Arts & Life

3:27pm

Wed June 6, 2012
The Two-Way

From Our Readers: Bradbury's Wine

Dandelion Wine -- first a short story in 1953 and then a novel in 1957 — may not wield as much name recognition as Fahrenheit 451, but it is the late Ray Bradbury's most personal work. This sensory tribute to his boyhood summers in Illinois begins:

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12:57pm

Wed June 6, 2012
The Two-Way

Post Offices Join List Of Nation's 'Most Endangered Historic Places'

Geneva Post Office in Geneva, Ill., with no clear disposition review process in place, hundreds of these historic civic buildings may be endangered by U.S. Postal Service cost cutting, including this one.
Matthew Gilson National Trust for Historic Preservation

Among this year's list of "11 most endangered historic places" in the view of the National Trust for Historic Preservation are post office buildings across the nation.

When it announced that nearly 4,400 post offices would be studied to see if they should be closed, the U.S. Postal Service did not "define and implement a clear process that will protect the historic buildings in its inventory," the trust says.

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12:15pm

Wed June 6, 2012
Monkey See

Ray Bradbury: Finding Our Reflections Where We Didn't Expect Them

Originally published on Thu June 7, 2012 6:19 am

This 1966 file photo shows science fiction writer Ray Bradbury looking at a picture that was part of a school project to illustrate characters in one of his dramas.
AP

Heinlein, Asimov and Bradbury; they were the tripod (invasive, moving, with lasers) on which my science fiction education was built in the 1970s. This was somewhat self-selected, because once you — or I — grew out of Danny Dunn and Journey to the Mushroom Planet and Tom Swift, Jr., they were the inevitable destinations, the planets with the heaviest gravity wells in the sci-fi solar system.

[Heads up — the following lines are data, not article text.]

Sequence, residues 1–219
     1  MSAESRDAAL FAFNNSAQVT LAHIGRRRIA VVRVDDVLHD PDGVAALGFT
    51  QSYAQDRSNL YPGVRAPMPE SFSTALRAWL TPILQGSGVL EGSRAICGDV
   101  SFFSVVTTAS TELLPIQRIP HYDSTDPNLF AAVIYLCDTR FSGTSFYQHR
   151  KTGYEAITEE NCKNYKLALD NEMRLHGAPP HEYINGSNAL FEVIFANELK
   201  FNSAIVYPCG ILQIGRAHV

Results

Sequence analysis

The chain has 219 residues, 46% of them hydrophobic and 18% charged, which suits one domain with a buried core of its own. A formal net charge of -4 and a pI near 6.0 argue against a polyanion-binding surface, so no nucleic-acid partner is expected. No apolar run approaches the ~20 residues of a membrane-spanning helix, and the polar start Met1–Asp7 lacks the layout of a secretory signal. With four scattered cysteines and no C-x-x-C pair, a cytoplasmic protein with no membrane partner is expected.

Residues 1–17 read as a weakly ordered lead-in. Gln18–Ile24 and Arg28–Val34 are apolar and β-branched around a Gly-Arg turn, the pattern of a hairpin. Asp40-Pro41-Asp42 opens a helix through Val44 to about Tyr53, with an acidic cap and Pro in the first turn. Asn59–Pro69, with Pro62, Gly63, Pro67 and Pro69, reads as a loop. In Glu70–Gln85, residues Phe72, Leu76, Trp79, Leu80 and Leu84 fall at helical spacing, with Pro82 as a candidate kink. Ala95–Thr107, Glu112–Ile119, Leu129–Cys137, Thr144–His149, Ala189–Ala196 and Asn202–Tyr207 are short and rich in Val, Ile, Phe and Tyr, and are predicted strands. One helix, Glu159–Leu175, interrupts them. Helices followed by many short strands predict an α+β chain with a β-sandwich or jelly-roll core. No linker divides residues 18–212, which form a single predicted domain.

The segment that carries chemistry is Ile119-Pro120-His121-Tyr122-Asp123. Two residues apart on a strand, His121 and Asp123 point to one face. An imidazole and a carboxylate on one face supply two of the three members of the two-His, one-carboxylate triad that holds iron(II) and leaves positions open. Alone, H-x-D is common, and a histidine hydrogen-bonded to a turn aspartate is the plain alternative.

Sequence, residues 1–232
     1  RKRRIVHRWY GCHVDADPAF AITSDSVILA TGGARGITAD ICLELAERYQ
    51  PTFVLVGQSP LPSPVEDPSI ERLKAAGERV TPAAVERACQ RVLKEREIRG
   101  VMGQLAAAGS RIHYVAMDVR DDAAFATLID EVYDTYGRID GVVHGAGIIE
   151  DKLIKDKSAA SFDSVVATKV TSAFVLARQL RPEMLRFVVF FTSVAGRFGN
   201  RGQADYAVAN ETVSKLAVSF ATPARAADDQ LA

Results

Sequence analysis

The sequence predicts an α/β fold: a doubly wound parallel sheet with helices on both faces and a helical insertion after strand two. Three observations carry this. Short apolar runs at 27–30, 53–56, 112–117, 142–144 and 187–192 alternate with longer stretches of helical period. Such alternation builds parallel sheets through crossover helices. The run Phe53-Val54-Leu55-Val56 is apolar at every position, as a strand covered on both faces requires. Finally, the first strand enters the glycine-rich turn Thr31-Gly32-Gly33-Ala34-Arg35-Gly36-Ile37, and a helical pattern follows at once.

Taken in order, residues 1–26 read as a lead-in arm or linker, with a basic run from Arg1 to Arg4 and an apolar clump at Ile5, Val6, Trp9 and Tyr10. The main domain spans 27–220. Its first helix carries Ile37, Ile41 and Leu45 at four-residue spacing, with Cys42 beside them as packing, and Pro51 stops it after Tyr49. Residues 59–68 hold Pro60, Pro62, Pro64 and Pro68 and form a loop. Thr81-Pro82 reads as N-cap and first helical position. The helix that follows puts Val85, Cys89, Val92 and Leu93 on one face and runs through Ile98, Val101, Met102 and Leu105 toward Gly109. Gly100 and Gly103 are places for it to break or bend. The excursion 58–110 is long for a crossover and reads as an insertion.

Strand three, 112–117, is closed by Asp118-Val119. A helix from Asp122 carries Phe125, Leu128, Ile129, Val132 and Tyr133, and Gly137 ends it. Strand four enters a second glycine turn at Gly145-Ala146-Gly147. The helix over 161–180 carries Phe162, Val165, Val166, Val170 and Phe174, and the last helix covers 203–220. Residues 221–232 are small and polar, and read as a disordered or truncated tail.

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10:46am

Wed June 6, 2012
Remembrances

The Curious Life Of Futurist Author Ray Bradbury

Originally published on Thu June 14, 2012 10:07 am

Transcript

DAVID GREENE, HOST:

Some sad news this morning: The world has lost a literary giant. Author Ray Bradbury died last night after a long illness. He was 91 years old. He wrote such classics as "The Martian Chronicles" and "Fahrenheit 451" - futuristic tales from a man who never used a computer, or even drove a car. NPR's Arnie Seipel has more on Bradbury and his curious life.

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10:22am

Wed June 6, 2012
Remembrances

'Fahrenheit 451' Author Ray Bradbury Dies At 91

Originally published on Wed June 6, 2012 6:17 pm

Ray Bradbury's career spanned more than 70 years — during which he transported readers to other dimensions with his futuristic and innovative stories. He died Tuesday at age 91.
Lennox McLendon AP

Ray Bradbury, author of The Martian Chronicles and Fahrenheit 451, died Tuesday. He was 91. Bradbury was known for his futuristic tales — but he never used a computer, or even drove a car.

Bradbury was born in Waukegan, Ill., in 1920 and grew up during the Great Depression. He said it was a time when people couldn't imagine the future, and his active imagination made him stand out. He once told Fresh Air's Terry Gross about exaggerating basic childhood fears, like monsters at the top of the stairs.

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